Author Topic: A question on dedicated Sensor Vessels accompanying combat fleets  (Read 1761 times)

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Offline misora

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So, I am currently wondering has anyone ever tried to have one or two dedicated sensor boats in a fleet. I could see this either working or failing horribly depending on how the NPRs pick their targets and the fact that only a few ships would be generating on active sensor sweep, which might make them think it is heavily armed with missiles while the others are beams.
 

Online Gyrfalcon

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Overall, it's a common tactic in my fleets, as during the early tech stages an active sensor with enough range to find an enemy half-way across the solar system is a 2000+ ton construction (that also has an absurdly high RP cost, too.) They tend to end up heavily armored, as being the active sensor the enemy can see, they do become missile magnet #1.
 

Offline Vandermeer

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This is in fact a very useful planning strategy. Whenever you build sensors that are smaller than the maximum of 2.5kt, you are kind of wasting your nation's current tech potential. If you already have a moderately sized fleet of combat vessels, it makes sense to start to delegate senor jobs to specialized ships. A 7kt destroyer could barely handle such a maximized sensor herein, so having one for missiles, one for ships and one for thermal maybe can be really fortunate in a fleet. However, you will have to find out a ratio of combat vessels vs. sensor supplement that makes sense (I guess somewhere between 6:1 and 10:1), because escorting for example mere 3 combat ships with full 3 sensor specialists is wasteful.

Aside from the obvious range advantage, some more Pro's and Contra's of this strategy:

+ With the sensor jobs taking care of elsewhere, you are now free to designate the full mission tonnage of any real combatant towards weapon systems only. This is a real advantage to missile ships in particular, who live of on getting sufficient salvo densities. Generally, higher specialization seems to be an advantage in any case too, which is the reason why huge capital ships normally stand little chance against equally sized but more specialized destroyer fleets. So further forwarding this can only be good.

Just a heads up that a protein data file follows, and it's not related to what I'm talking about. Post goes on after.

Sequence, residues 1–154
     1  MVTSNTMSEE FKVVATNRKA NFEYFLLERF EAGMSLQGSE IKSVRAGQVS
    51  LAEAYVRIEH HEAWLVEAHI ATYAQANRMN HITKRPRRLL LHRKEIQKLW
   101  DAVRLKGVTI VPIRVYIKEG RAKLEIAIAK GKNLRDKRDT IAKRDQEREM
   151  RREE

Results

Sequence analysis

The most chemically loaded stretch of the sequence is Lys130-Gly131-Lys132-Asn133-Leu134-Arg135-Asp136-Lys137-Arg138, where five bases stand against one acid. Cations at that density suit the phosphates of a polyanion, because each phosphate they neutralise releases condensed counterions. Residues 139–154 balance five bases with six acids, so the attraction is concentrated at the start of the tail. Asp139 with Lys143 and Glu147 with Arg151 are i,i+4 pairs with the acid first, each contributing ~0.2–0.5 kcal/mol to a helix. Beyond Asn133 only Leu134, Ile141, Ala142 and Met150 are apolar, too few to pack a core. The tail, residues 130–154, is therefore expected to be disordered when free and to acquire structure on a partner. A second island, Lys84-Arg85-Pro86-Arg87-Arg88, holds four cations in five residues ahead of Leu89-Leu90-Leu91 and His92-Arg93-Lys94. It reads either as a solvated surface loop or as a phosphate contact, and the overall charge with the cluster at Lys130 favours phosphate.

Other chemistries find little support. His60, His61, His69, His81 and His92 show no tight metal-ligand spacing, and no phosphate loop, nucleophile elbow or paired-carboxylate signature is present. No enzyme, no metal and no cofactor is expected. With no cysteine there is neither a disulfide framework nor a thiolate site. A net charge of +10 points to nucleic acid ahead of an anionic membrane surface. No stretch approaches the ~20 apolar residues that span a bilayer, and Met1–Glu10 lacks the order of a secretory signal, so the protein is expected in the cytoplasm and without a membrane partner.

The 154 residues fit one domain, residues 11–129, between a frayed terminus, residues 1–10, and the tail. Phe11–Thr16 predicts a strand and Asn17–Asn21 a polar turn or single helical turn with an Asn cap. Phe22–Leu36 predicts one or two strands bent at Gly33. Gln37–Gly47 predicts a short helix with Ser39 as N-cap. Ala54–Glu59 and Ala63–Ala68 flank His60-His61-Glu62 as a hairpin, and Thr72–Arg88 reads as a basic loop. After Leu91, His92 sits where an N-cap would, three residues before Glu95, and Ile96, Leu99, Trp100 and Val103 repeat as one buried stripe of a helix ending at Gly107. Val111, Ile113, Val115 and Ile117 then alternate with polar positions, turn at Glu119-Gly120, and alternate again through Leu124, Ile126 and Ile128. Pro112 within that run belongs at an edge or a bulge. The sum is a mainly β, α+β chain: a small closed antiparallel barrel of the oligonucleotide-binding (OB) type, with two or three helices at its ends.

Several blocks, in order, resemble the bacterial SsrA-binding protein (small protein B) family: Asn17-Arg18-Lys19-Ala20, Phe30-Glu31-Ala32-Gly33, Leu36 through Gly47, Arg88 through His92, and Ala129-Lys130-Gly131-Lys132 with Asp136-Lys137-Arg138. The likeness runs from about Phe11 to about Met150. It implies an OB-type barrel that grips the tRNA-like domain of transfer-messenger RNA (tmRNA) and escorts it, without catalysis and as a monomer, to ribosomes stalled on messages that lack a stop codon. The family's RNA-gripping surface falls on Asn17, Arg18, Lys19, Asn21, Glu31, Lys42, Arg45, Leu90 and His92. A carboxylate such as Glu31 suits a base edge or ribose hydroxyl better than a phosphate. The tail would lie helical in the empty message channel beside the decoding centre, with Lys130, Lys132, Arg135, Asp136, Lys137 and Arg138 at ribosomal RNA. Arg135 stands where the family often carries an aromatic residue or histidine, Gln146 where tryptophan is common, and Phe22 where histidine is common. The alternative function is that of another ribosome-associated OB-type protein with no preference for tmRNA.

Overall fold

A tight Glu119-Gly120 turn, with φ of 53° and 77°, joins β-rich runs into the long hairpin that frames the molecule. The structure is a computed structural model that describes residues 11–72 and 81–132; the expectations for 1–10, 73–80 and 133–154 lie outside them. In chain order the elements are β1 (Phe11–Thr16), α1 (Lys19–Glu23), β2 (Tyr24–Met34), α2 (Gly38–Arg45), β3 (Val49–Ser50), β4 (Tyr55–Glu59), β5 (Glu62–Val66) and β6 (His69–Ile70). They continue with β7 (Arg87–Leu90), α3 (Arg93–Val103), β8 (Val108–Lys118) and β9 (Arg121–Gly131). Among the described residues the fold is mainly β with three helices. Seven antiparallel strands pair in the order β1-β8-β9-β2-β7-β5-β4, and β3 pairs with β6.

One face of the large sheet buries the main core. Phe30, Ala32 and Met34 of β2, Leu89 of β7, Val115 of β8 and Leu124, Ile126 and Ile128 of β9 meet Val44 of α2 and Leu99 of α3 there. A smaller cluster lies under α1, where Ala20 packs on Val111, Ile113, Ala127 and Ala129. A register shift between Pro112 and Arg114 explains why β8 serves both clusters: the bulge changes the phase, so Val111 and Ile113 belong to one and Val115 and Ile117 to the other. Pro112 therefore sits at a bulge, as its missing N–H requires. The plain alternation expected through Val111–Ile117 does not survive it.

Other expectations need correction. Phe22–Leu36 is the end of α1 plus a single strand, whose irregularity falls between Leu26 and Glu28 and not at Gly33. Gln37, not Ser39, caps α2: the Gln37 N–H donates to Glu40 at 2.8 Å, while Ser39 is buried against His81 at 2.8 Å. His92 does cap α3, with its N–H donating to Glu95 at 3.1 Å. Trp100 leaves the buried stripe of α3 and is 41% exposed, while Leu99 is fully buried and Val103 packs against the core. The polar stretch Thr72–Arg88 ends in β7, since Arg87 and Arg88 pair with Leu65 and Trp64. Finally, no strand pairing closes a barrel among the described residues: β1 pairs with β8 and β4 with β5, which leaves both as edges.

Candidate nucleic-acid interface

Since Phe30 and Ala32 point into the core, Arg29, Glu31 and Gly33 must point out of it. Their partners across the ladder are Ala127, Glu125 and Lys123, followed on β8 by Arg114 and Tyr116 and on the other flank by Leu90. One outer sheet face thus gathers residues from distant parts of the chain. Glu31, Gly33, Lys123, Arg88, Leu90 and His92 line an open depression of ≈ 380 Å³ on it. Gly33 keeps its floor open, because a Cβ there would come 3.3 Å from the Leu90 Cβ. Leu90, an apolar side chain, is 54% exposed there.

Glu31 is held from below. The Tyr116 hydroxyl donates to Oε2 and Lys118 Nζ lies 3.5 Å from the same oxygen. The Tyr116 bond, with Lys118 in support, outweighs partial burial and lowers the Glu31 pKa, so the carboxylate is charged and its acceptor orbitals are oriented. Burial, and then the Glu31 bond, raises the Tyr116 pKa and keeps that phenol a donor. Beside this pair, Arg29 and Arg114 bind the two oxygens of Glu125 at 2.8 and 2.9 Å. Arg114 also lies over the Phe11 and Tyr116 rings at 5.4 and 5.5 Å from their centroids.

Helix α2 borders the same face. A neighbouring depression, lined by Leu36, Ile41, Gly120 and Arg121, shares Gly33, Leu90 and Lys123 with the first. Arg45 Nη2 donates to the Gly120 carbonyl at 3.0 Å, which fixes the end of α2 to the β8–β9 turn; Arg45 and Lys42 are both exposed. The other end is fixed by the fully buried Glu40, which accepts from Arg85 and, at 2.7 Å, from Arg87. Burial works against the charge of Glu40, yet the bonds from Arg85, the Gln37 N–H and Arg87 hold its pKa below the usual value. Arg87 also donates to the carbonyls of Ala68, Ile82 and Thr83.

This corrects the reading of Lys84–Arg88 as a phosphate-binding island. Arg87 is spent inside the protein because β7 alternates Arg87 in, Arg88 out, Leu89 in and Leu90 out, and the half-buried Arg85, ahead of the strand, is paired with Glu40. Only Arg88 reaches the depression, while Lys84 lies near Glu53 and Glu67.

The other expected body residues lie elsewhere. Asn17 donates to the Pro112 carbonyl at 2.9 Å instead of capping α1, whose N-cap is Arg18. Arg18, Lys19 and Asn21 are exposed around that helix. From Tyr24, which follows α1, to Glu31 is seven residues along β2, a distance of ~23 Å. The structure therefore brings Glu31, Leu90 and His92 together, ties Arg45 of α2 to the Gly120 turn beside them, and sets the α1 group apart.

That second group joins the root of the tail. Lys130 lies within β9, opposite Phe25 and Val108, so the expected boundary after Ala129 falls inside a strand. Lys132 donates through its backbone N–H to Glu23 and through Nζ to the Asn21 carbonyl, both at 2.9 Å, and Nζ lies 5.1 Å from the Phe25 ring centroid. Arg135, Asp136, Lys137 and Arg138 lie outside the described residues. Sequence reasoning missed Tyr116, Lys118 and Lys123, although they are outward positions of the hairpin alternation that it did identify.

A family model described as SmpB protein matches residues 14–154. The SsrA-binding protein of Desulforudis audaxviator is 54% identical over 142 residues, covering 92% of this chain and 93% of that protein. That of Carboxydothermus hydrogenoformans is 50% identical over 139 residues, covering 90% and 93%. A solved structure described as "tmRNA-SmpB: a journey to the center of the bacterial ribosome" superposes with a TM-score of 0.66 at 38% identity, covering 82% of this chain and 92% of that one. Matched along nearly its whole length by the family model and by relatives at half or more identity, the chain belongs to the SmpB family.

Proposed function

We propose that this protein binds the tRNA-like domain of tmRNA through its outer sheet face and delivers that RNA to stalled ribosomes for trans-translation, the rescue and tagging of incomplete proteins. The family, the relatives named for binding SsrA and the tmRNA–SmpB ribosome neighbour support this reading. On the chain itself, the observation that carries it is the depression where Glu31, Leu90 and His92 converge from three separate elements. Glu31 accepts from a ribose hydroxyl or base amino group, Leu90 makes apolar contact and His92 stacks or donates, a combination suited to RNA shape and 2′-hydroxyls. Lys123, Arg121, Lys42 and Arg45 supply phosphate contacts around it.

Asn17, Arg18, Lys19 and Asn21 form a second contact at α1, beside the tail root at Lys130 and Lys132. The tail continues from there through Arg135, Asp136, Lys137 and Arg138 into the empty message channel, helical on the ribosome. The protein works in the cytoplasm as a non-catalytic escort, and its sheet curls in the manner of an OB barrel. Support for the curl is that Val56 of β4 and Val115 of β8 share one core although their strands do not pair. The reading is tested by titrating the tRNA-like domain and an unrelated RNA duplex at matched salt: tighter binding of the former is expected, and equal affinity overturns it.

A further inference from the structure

+ Reduced need for a third active sensor. Facs get deployed by different opponents and usually dodge the regular ship sensors to a good degree - ..good enough to sneak under your maximum missile range. With an active ship sensor of this magnitude however, even the reduced ranges can be good enough to spot them at the tip of the spear. (still depends on tech level though)

- Without sensor redundancy you can quickly get blinded by some lucky random targeting. This might fade as your fleet grows larger and you can add more of every type of sensor ship, or you might have a fallback.
- Sensor research can be quite expensive itself, so "unleashing current tech potential" will actually take away from growing your potential further to the next generation. It is not too much in my opinion, but I can see why some people prefer a middle ground, especially early on where tech tends to grow rather quickly. - Nonsense to go big here and throw it away just 3 years later.
- Having a single huge component results in having a high chance of extreme maintenance need, so these specialized sensor ships will likely need extra care and supply (at least when kept at destroyer size). If you play with tanker fleets anyway though, it should not be an issue to grant some MSP supply ship to that, so the life time difference between the sensor ships and the regular ones can be evened out.


Instead of complete specialization, most people seem to go a middle way though, where they have either a destroyer leader (actual hull classification in the designer window btw.), or even a bigger cruiser sized ship as a command vessel that mainly consists of flag bridge and large sensors. In this case they seem to combine all the different sensors into one vessel, which however again leads to not realizing full potential, but at least the real combatants can still unleash their full mission tonnage towards weaponry.
playing Aurora as swarm fleet: Zen Nomadic Hive Fantasy
 

Offline Barkhorn